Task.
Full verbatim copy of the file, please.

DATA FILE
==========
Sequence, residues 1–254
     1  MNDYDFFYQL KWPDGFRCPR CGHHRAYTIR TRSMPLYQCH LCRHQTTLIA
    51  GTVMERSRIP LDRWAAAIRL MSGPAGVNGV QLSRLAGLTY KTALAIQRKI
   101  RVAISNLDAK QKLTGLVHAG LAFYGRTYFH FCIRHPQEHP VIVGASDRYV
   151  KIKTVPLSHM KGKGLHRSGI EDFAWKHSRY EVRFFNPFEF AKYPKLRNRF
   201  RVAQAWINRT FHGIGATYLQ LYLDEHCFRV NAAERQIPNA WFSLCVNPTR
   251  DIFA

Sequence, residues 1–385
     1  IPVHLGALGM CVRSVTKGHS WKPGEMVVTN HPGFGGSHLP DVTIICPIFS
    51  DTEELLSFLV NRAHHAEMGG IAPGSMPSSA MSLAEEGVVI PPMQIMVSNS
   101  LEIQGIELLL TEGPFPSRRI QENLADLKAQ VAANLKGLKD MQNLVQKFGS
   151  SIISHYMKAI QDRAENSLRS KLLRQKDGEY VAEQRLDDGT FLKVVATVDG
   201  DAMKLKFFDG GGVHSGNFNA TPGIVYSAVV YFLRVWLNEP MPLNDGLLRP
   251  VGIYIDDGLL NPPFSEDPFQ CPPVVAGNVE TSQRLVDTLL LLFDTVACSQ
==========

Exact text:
Sequence, residues 1–254
     1  MNDYDFFYQL KWPDGFRCPR CGHHRAYTIR TRSMPLYQCH LCRHQTTLIA
    51  GTVMERSRIP LDRWAAAIRL MSGPAGVNGV QLSRLAGLTY KTALAIQRKI
   101  RVAISNLDAK QKLTGLVHAG LAFYGRTYFH FCIRHPQEHP VIVGASDRYV
   151  KIKTVPLSHM KGKGLHRSGI EDFAWKHSRY EVRFFNPFEF AKYPKLRNRF
   201  RVAQAWINRT FHGIGATYLQ LYLDEHCFRV NAAERQIPNA WFSLCVNPTR
   251  DIFA

Sequence, residues 1–385
     1  IPVHLGALGM CVRSVTKGHS WKPGEMVVTN HPGFGGSHLP DVTIICPIFS
    51  DTEELLSFLV NRAHHAEMGG IAPGSMPSSA MSLAEEGVVI PPMQIMVSNS
   101  LEIQGIELLL TEGPFPSRRI QENLADLKAQ VAANLKGLKD MQNLVQKFGS
   151  SIISHYMKAI QDRAENSLRS KLLRQKDGEY VAEQRLDDGT FLKVVATVDG
   201  DAMKLKFFDG GGVHSGNFNA TPGIVYSAVV YFLRVWLNEP MPLNDGLLRP
   251  VGIYIDDGLL NPPFSEDPFQ CPPVVAGNVE TSQRLVDTLL LLFDTVACSQ